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lev-tax
lev-tax, Tax Advisor
Category: Social Security
Satisfied Customers: 29580
Experience:  Taxes, Immigration, Labor Relations
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I was off from my job. I started taking my social security

Customer Question

I was laid off from my job. I started taking my social security payments at 63 . I finally found a job and put my s/s payments on hold . There was a two week lapse from my first check at work and my last payment from s/s. I am being butchered for losing my job and taking s/s at 63. The s/s office tells me that I owe $7250 for seven months that they paid me for s/s. Being that I did not collect pay from s/s while I got paid from my job . I collected s/s benefits before I found a new job . What are your thoughts on my problem ?
I thought that I could collect money from s/s as my survival to safe my house as my wife does not work.
Submitted: 1 year ago.
Category: Social Security
Expert:  lev-tax replied 1 year ago.

First of all if you start taking social security benefits before your full retirement age (which is 66 in your case) - your benefits are permanently reduced.

Second - as your income is above certain limit - most of social security benefits are taxable.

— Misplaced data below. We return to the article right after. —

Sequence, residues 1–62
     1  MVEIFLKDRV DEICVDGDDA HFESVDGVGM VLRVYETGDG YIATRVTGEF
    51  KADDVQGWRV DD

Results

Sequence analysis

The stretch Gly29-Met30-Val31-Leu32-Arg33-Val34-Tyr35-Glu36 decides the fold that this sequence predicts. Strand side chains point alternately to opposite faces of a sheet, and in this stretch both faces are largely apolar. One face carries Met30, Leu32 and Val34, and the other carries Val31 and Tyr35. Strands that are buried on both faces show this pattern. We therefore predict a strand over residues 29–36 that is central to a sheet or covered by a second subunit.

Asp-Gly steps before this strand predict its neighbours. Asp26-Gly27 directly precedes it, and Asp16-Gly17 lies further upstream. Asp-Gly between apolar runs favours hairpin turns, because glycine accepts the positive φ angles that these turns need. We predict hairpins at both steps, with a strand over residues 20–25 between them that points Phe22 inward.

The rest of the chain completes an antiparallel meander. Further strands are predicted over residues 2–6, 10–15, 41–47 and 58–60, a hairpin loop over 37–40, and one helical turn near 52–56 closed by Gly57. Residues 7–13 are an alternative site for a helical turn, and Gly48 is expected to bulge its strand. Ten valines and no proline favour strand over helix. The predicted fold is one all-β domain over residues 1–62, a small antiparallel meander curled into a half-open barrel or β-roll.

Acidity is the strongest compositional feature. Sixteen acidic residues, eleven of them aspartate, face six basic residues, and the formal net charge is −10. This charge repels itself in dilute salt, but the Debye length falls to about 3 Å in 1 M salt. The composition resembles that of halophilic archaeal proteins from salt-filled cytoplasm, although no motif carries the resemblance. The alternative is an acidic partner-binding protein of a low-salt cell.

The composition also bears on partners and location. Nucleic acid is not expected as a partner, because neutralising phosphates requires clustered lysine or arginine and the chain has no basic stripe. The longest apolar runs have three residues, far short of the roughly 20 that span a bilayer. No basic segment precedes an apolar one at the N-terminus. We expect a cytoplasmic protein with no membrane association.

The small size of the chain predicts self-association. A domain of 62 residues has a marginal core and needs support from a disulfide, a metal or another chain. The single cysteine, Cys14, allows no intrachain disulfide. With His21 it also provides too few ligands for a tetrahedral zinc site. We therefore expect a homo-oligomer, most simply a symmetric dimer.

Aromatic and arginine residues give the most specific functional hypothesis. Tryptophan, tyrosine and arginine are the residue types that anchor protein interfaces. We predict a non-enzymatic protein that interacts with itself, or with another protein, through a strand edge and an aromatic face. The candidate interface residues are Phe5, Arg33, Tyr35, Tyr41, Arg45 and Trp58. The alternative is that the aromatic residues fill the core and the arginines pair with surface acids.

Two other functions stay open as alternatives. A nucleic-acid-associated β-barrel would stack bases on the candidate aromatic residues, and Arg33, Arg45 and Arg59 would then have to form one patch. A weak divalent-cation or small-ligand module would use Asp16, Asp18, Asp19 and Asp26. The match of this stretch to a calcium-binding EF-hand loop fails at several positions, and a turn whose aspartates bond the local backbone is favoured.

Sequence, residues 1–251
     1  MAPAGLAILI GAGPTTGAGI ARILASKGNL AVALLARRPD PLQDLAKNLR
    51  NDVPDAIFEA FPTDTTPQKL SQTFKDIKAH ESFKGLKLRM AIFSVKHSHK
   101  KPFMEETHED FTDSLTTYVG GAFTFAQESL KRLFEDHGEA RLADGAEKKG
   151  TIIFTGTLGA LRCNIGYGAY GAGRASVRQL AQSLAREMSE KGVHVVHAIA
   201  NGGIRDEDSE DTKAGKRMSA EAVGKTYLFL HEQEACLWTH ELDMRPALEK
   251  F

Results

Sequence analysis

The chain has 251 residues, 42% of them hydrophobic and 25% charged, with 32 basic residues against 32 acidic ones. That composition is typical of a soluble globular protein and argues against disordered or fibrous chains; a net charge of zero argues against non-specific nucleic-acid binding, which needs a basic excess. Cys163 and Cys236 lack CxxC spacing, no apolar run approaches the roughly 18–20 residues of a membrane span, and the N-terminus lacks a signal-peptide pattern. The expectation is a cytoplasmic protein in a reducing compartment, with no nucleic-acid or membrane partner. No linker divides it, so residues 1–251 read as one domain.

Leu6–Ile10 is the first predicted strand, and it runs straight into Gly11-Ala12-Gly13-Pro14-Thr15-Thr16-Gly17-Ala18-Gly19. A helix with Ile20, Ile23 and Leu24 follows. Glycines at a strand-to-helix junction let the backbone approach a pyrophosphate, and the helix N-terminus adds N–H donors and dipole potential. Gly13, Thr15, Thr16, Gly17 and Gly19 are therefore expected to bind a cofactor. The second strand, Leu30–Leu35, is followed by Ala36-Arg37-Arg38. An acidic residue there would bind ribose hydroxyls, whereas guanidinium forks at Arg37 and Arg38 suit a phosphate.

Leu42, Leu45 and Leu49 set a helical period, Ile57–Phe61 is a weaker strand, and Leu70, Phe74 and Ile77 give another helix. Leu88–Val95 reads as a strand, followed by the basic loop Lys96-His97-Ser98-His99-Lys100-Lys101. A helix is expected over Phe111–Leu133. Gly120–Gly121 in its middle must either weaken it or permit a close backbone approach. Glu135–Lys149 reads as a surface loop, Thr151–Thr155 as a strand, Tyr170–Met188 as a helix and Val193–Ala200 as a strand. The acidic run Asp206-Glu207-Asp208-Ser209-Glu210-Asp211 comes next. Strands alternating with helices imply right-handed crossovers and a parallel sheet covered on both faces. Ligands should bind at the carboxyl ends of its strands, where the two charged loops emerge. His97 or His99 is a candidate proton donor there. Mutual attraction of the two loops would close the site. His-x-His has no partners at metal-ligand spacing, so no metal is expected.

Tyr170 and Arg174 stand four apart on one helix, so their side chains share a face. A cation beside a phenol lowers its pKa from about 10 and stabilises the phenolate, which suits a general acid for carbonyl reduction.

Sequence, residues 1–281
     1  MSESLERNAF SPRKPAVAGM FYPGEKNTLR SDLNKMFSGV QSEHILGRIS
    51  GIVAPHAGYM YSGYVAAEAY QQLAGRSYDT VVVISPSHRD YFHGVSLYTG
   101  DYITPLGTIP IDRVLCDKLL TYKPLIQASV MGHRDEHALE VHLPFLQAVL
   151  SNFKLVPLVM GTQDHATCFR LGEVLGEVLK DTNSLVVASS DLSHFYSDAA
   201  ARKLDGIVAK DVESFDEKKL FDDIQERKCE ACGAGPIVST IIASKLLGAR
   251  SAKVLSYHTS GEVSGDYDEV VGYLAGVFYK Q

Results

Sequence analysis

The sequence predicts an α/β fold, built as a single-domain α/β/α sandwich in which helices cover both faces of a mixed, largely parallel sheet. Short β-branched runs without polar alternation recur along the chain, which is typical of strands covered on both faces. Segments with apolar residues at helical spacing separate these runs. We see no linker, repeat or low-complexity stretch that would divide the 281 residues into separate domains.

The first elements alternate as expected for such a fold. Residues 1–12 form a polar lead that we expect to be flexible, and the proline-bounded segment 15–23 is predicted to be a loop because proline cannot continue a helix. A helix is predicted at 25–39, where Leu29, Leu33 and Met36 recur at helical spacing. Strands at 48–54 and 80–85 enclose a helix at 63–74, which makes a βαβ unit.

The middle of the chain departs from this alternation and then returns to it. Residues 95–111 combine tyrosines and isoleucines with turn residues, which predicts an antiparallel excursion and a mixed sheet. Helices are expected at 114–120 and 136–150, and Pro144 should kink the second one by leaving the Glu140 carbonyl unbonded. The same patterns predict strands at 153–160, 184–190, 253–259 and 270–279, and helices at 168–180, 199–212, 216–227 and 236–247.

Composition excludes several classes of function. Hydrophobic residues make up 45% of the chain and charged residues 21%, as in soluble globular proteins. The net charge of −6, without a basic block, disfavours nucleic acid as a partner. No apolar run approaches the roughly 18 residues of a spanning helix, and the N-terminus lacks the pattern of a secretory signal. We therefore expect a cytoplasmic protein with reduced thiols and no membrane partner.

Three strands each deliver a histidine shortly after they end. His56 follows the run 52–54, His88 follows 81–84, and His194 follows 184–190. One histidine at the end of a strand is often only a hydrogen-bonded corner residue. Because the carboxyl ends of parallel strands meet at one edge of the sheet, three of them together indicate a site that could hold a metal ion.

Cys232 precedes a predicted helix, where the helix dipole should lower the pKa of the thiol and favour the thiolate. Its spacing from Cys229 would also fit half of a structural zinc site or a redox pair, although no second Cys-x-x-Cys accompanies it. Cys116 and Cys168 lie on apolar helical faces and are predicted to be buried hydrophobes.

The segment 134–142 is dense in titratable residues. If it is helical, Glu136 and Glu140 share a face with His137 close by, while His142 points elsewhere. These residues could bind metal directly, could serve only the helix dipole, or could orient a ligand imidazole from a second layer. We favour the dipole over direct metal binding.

So - you might consider to pay back that amount - and you will be considered as never started your social security benefits.

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Then - we need to understand WHY the SSA determined that you was overpaid...

You can get Social Security retirement benefits and work at the same time.

However, if you are younger than full retirement age and make more than the yearly earnings limit, the SSA will reduce your benefit.

Starting with the month you reach full retirement age,they will not reduce your benefits no matter how much you earn.

We use the following earnings limits to reduce your benefits: If you are under full retirement age for the entire year, we deduct $1 from your benefit payments for every $2 you earn above the annual limit.

For 2016 that limit is $15,720.

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Expert:  lev-tax replied 1 year ago.

You still have an option NOT to repay all or part of your benefits by using a special rule that applies to earnings for one year, usually the first year of retirement.

Sometimes people younger than full retirement age retire in the middle of the year and have already earned more than the yearly earnings limit. There is a special rule that applies to earnings for one year, usually the first year of retirement. Under this rule, you can get a full Social Security benefit for any whole month you are retired, regardless of your yearly earnings.

If you will be under full retirement age for all of 2016, you are considered retired in any month that your earnings are $1,310 or less and you did not perform substantial services in self employment.

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So - these are your options.

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